Unfortunately, nowadays these patches take too much time and a lot of devices with an outdated operating system version still exist, leaving them open for attacks. Here a clear difference between the Android and iOS Operating System is shown. Due to the fact that Android is distributed from many different manufacturers, these security patches take much more time than on iOS. Also because of that, new operating system updates need a lot of time to roll out for all the different devices on Android. A big majority of Android devices don’t run on the latest version which may include important security fixes.


The exploitation of an unpatched vulnerability can lead to system takeover and major data breaches

Pradeo Lab [1]

Statistics point out that one of the biggest Android problems is, that 76% of the devices run on an old version of its operating system. On top of that, the code of the Android OS is open source, which means the source code is visible to anyone. Cybercriminals can use that to gain access through security holes much more easier than on iOS, which is a closed system and therefore more complicated for hackers to find vulnerabilities in the operating system.


Source: [7], p.43

Network Threats

Network threats occur less frequently than application threats, but the numbers are growing. Security reports keep warning from unsecure Wifi Hotspots, which could be easily used for criminals to steal information, for example by Man-In-The-Middle attacks.
Latest statistics show an increase of three times the usage of public hotspots since 2016 and they predict even higher numbers for the next years [1]. Lately, there have also been attacks, where hackers used the wifi connection to distribute malware [8]. Although this sounds intimidating, protection is guaranteed by turning off file-sharing across the network.

Another fast growing network threat is phishing, which is known for a long time, happening mostly via email traffic. This area has also shifted to the mobile sector, targeting people via SMS (smishing). These phishing attacks attempt to steal ones’ personal data by tricking users to download malware or leading them to fake sites, on which they will be asked for personal information.[9]

Source: [1]

The best protection against phishing is to always double check the messages. Does it come from a number I know or is this a suspicious number? No institution would send a SMS with a link to enter confidential information. If not sure, best rule is to better not respond to the message and not click on any links inside it.


What can we do?

There are several providers for mobile security software, which can be downloaded in the App Stores. Unfortunately, most of them are related to costs and less people are willing to pay for that. On top of that, you can never be completely sure, that all kind of attacks will be prevented by such software. Although this might be interesting for companies who offer their employees business phones to secure their business data.

As a rule of thumb you should always keep in mind to only use the official App Store for downloading apps. If, for some reason, you get requested to download an app outside the official App Store, always question yourself whether this is really necessary.

An obvious point is to regularly update your operating system, if you receive new updates. Here, an improvement is needed, as the manufacturers should provide security patches and system updates much faster, especially for Android.

One last point to mention are runtime permissions: Every application has to request permission access in order to use certain functionality of a device, for example camera or microphone. You do not always have to grant permissions, ask yourself why the app needs access to the requested functionality and get suspicious if you do not see any reason.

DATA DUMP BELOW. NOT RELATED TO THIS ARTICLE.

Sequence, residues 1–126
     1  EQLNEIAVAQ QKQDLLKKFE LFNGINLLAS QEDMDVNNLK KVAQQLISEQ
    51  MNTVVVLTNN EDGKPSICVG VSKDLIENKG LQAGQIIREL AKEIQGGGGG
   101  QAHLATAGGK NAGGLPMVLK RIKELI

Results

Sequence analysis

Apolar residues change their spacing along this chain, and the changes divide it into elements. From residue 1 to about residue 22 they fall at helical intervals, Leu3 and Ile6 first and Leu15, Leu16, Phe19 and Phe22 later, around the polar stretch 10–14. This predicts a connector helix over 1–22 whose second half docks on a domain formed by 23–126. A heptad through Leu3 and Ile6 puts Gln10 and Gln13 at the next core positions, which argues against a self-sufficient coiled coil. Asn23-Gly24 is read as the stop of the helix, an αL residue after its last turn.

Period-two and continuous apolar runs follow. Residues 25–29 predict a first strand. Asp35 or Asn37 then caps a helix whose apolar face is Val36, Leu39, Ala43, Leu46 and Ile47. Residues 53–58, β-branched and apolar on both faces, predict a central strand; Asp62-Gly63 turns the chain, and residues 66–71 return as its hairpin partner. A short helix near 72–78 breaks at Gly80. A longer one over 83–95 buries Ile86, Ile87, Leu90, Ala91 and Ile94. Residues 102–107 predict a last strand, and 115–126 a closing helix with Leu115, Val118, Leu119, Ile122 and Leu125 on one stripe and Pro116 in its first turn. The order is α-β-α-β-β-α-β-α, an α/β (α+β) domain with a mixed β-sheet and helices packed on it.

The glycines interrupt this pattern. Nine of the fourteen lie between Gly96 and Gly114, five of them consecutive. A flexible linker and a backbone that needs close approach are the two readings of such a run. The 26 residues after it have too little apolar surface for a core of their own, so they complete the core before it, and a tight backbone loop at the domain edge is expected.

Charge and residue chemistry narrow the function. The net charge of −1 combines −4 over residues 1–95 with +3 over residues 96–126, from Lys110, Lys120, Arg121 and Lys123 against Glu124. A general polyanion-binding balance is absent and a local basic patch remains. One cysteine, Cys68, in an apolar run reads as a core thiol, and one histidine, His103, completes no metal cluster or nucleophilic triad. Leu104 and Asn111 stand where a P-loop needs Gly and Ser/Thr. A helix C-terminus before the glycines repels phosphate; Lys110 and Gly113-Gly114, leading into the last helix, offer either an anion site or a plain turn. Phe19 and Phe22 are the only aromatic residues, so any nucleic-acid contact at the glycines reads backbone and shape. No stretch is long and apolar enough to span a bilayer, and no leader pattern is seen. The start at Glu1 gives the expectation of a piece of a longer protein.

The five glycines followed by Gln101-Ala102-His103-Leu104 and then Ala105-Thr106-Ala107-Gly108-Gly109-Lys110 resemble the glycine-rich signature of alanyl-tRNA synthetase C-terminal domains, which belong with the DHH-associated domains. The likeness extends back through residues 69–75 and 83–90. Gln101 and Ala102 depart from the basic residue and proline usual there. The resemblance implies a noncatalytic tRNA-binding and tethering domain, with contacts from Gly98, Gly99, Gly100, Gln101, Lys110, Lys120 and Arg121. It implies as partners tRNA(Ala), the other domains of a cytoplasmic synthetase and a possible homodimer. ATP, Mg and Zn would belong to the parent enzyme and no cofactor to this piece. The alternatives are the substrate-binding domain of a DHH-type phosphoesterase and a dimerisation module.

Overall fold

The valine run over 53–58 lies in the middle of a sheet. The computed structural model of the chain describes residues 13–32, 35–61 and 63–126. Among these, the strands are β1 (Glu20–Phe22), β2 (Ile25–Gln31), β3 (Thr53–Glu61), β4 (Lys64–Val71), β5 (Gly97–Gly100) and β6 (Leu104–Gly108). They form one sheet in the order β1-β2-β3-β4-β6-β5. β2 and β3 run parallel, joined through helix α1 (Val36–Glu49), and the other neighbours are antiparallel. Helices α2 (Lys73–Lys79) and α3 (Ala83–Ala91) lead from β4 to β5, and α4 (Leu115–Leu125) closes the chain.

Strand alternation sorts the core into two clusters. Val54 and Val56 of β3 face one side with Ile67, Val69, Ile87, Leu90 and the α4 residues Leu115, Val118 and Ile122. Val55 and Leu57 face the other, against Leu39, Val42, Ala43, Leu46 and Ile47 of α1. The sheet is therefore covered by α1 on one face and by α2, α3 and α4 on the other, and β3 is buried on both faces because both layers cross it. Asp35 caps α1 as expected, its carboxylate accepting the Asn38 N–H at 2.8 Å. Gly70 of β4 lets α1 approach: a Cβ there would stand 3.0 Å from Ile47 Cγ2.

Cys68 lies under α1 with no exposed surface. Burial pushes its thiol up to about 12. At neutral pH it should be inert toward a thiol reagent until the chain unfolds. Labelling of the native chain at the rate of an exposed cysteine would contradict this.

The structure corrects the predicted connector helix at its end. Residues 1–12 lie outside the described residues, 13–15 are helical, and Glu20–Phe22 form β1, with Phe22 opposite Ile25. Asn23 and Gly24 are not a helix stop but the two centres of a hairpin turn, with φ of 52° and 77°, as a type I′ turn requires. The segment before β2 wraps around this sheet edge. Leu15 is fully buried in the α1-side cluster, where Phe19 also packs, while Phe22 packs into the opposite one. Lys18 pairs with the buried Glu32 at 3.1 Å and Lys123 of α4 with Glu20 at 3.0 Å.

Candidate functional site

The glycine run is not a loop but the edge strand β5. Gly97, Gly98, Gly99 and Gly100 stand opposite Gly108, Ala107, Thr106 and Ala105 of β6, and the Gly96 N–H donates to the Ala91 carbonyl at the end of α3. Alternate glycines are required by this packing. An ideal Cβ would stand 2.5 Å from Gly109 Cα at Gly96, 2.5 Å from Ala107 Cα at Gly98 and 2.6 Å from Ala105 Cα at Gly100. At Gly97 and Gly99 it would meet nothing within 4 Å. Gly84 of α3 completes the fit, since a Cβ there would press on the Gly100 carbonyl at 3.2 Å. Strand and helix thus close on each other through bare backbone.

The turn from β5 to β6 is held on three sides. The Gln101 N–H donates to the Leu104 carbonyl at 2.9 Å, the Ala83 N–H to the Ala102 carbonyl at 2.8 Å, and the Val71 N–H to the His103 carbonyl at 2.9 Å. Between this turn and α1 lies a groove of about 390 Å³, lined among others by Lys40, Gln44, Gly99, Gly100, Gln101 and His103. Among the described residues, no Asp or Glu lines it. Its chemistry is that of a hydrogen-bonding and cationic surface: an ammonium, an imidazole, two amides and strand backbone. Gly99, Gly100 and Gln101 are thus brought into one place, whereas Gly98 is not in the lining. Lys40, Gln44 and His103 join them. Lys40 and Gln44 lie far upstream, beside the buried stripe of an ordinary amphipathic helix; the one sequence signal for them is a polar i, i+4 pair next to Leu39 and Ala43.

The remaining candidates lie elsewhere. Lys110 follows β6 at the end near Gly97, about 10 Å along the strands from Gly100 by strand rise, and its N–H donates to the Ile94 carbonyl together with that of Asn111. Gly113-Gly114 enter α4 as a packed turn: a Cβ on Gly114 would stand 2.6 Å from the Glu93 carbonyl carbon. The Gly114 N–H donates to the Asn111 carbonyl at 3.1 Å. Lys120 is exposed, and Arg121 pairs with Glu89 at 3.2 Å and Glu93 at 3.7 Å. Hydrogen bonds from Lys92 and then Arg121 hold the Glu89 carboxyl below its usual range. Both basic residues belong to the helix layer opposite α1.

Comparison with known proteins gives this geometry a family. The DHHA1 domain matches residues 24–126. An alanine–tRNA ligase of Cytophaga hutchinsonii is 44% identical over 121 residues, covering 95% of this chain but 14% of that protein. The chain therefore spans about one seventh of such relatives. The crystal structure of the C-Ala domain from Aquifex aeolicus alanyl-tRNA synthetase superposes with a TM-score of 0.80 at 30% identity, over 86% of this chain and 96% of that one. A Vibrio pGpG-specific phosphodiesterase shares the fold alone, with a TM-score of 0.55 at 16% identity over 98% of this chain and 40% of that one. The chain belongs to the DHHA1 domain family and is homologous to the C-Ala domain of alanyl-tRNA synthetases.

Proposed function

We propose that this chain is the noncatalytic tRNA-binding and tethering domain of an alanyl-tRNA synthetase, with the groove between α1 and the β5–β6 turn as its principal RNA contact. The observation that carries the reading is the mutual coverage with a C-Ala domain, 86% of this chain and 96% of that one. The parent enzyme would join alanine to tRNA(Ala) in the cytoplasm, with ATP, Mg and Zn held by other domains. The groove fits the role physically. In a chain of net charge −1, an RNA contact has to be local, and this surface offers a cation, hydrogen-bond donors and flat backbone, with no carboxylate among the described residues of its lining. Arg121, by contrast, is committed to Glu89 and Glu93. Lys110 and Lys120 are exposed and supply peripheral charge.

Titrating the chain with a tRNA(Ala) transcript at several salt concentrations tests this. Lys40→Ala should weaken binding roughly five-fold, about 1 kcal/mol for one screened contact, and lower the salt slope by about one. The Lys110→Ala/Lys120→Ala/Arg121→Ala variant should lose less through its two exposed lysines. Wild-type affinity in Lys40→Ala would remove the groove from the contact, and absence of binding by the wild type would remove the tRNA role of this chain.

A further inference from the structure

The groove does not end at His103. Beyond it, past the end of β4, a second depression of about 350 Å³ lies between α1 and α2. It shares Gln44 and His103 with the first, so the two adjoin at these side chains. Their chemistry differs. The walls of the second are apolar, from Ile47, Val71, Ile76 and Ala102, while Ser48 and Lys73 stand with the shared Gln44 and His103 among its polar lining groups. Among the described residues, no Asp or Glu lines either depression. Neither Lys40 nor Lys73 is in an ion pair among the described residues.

Conclusion

Mobile security is a topic which requires a continuous work, as malware increases and cybercriminals find new ways to attack devices. Especially these days, with Internet of Things (IOT) and an increase of networking between all different kind of gadgets, the smartphone we use everyday represents a huge target, as it has the ability to control them all.

Upcoming topics like mobile payment or medical data on the phone will result in an even bigger interest for hackers.

After all it’s sometimes enough to raise the users’ awareness of the threat against smartphones, so that less people get tricked by phishing attacks or malicious app downloads.

References

[1] Pradeo Lab, Mobile Security Report, February 2019
https://www.pradeo.com/media/Pradeo_mobile_threat_report_S12019.pdf
[Accessed 02 August 2019]

[2] McAfee Mobile Threat Report Q1, 2019
https://www.mcafee.com/enterprise/en-us/assets/reports/rp-mobile-threat-report-2019.pdf
[Accessed 02 August 2019]

[3] 9To5Mac, The average smartphone user spends 2h 15m a day using apps – how about you?
https://9to5mac.com/2017/05/05/average-app-user-per-day/
[Accessed 02 August 2019]

[4] Applivery, Allowing app installs from Unknown Sources in Android
https://www.applivery.com/docs/troubleshooting/android-unknown-sources/
[Accessed 02 August 2019]

[5] McAffee, Android/TimpDoor Turns Mobile Devices Into Hidden Proxies
https://securingtomorrow.mcafee.com/other-blogs/mcafee-labs/android-timpdoor-turns-mobile-devices-into-hidden-proxies/
[Accessed 02 August 2019]

[6] Kaspersky, IT threat evolution Q1 2019. Statistics
https://securelist.com/it-threat-evolution-q1-2019-statistics/90916/
[Accessed 02 August 2019]

[7] Symantec, Internet Security Threat Report, Volume 24
https://www.symantec.com/content/dam/symantec/docs/reports/istr-24-2019-en.pdf
[Accessed 02 August 2019]

[8] Kaspersky, How to Avoid Public Wifi Security Risk
https://www.kaspersky.com/resource-center/preemptive-safety/public-wifi-risks
[Accessed 02 August 2019]

[9] Kaspersky, What is Smishing and How to Defend Against it?
https://www.kaspersky.com/resource-center/threats/what-is-smishing-and-how-to-defend-against-it
[Accessed 02 August 2019]